MILWAUKEE — Republican presidential candidates, in a rollicking but substantive debate, sparred Tuesday night over who had the best prescriptions for uplifting the middle class, bolstering the economy, and reforming the country's immigration laws.
While a few moments were heated, the debate showcased in clear terms divisions within the large field over tax policy, the role of the US military in the world, and whether the government should bail out failing banks.
Personal attacks that had marked earlier debates once again flared — "Why does she keep interrupting everybody?" businessman Donald Trump said of former Hewlett-Packard chief executive Carly Fiorina, to boos from the crowd — but mostly the debate sponsored by Fox Business Network and the Wall Street Journal engendered policy discussions that have often been lacking in previous encounters.
Trump and retired neurosurgeon Ben Carson, both of whom had been near the top of national polls, faded into the background for long stretches as more experienced politicians such as a trio of senators — Marco Rubio, Rand Paul, and Ted Cruz — seized the opportunity to show their deeper knowledge of policy detail.
Former Florida governor Jeb Bush, who needed a big night, had a somewhat stronger performance but once again seemed hesitant and uncertain. The performance did not appear sufficient to jump-start his struggling campaign.
The debate set the tone for the remaining days before the holidays make it more difficult for the candidates to drive their message. The contenders now face five weeks until the next GOP debate and less than three months before voters head to the polls.
Paul, a libertarian-leaning, first-term senator from Kentucky who had been lackluster in previous debates, grabbed the spotlight by vigorously challenging Rubio over his willingness to expand child tax credits while increasing spending on the military.
"You get something that looks to me not very conservative," Paul said.
Rubio responded, "I know that Rand is a committed isolationist. I'm not."
Paul continued pushing back.
"Can you be a conservative, and be liberal on military spending?" he asked.
The candidates also engaged in a vigorous debate over immigration reform, with Trump reiterating his plan to deport immigrants and build a wall along the Mexican border. Governor John Kasich of Ohio called Trump's plan unrealistic and inhumane.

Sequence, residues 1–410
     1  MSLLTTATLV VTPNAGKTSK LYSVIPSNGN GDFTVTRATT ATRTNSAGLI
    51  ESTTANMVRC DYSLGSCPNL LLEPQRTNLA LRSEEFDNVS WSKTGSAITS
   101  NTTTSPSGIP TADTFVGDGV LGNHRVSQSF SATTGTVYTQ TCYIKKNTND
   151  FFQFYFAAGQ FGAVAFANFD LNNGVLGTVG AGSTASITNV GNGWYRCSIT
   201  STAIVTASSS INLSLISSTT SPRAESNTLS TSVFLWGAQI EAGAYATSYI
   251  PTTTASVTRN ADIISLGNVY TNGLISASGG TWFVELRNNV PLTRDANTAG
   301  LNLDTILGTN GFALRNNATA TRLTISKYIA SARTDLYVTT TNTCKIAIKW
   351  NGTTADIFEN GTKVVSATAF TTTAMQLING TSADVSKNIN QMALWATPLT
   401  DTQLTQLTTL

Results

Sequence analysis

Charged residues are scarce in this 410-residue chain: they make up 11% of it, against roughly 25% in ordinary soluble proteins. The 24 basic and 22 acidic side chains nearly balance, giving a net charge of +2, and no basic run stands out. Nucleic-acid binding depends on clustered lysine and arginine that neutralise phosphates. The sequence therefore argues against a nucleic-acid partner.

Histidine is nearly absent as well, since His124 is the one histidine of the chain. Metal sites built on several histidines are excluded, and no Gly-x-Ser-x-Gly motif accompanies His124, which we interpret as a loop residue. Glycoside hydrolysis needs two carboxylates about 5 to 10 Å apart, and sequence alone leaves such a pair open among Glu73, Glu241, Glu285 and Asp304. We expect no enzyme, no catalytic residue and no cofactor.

"Come on, folks, we all know you can't pick them up and ship them back across the border. It's a silly argument. It's not an adult argument," Kasich said.
"I've built an unbelievable company worth billions and billions of dollars," Trump responded. "I don't have to hear from this man."
With Bush going for a long stretch without getting a word in, Trump pleaded with the moderators, "You should let Jeb speak."
"Thank you Donald, for allowing me to speak at the debate, that's really nice of you. What a generous man you are," Bush said sardonically before ridiculing Trump's immigration rhetoric.
"They're doing high-fives in the Clinton campaign right now when they hear this," Bush said.
Bush, whose wife is from Mexico and who speaks fluent Spanish, has a plan to offer legal status to undocumented immigrants after they meet a list of conditions such as learning English and paying back taxes.
Cruz took a harder line, saying that plans like Bush's amount to amnesty.
"Try going illegally to another country. Try going to China . . . see what they do," he said. "It is not compassionate to say we're not going to enforce the laws."
The debate took place against a backdrop of a deeply unsettled nominating contest, one in which candidates who seemed like long shots have enjoyed a long ride atop the polls while establishment candidates have floundered.
Organizers narrowed the field for the debate, with eight candidates on the stage, after complaints that previous forums were unwieldy and chaotic.
The race has recently been dominated by Carson and Trump, two outsiders with completely different backgrounds and dispositions.
Carson has been moving ahead of Trump in national polls and in Iowa, the site of the nation's first caucuses.